For the bold, there were the telephones—simply dial up the lady or lad who catches your eye and ask them to dance. For those more timid attendees, there were the tubes. Pencil down a message of admiration or wrap up a little gift, send it rocketing through the conveniently located tube to the table of your choice, and wait to see if they receive it well.
Sounds pretty familiar after all, doesn’t it?
Find more on these nightclubs and dating practices of the past with a search on Newspapers.com.
On this day in history, the discovery of Marilyn Monroe’s unexpected death spread across headlines.
Though speculations and theories about her death spread like wildfire, the official cause of death was reported as a self-administered overdose of sedative drugs.
But before this sobering end of life there was a glittering and memorable career that—whether you care for her acting or not—turned Norma Jeane Mortenson (Baker) into a cultural icon whose memory and influence has yet to fade even 55 years later.
Find more on Marilyn with a search on Newspapers.com.
100 years later and some things never change…even if everything changes around you.
From The Chatham Press, Chatham, New Jersey, July 1918:
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Turns out, the term “Smart Alec” almost certainly exists because of a real life man named Alec Hoag. He was a crafty criminal who was a little too clever for his own good.
His usual method of thievery is described in the clipping above, but the “smart” part of Alec’s con was that he got the police in on it too, bribing them with shares of the stolen goods if they looked the other way. Of course, working out a way to cut the police out of their shares was probably not so smart, but that’s exactly what Alec did. The police eventually figured it out, and thus came the downfall of the original Smart Alec.
Find more like this with a search on Newspapers.com.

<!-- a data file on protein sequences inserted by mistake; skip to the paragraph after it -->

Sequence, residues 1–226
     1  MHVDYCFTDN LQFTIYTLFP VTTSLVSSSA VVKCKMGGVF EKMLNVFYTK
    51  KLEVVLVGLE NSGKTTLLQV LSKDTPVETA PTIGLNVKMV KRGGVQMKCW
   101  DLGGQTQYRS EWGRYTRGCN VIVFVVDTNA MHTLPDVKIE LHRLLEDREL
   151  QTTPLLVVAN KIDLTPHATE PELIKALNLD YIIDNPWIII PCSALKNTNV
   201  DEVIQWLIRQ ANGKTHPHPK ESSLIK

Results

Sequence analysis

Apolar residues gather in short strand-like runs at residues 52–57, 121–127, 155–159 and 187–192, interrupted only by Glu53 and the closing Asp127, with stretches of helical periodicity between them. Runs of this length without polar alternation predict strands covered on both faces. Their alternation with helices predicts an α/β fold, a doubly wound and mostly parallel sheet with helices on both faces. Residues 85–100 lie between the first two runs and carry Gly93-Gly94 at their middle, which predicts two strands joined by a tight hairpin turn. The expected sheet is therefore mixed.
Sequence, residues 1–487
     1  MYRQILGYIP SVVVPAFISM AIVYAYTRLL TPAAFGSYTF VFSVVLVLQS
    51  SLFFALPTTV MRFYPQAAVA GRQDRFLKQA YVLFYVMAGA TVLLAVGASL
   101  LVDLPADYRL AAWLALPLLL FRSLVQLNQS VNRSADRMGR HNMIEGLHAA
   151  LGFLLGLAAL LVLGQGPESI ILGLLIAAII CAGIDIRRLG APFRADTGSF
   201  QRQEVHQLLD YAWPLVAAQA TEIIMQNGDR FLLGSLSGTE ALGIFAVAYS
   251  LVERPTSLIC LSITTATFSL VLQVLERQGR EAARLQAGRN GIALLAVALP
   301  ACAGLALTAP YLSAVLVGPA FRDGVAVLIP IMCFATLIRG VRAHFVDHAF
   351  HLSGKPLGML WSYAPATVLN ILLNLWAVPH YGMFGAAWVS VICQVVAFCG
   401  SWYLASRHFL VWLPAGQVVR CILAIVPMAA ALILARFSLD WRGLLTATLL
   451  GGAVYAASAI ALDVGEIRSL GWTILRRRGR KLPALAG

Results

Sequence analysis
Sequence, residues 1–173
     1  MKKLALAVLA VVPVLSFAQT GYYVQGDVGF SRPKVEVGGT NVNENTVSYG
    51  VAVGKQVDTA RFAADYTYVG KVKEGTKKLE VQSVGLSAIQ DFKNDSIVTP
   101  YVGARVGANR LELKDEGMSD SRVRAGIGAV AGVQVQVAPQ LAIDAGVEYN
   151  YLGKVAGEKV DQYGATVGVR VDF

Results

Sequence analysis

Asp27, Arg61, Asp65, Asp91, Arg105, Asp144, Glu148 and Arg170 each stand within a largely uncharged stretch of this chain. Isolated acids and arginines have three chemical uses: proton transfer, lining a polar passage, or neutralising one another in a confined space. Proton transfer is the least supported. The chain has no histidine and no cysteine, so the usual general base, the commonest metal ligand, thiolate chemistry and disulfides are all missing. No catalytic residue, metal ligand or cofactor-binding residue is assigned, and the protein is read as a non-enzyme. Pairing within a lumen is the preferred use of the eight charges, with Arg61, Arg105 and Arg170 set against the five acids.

How many times have curious drivers caused traffic by stopping or slowing down to stare at something on the side of the road? Of course, the solution used in the circumstance below probably wouldn’t go over very well these days.
From Pennsylvania’s The Evening News, August 1930:
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On July 4, 1776, the founding fathers scratched their names onto parchment (and into history) as they signed the Declaration of Independence. Fifty years later, on a day of fireworks and celebration of the anniversary of that historic day, both Thomas Jefferson and John Adams took their final breaths.
Jefferson took the lead, reportedly happy to go once he had seen the morning of the 4th.
Adams succumbed about five hours later, unaware that Jefferson had preceded him in death.
Adams and Jefferson were the last living members of the original group of revolutionaries who fought for freedom from the British Empire. As death dates go, this seems a fitting one for two of the men who drafted the declaration which the United States celebrates every year on this day.
Find more on the lives and deaths of Thomas Jefferson and John Adams with a search on Newspapers.com, or seek out clippings on a topic of your choice with a search of interest to you.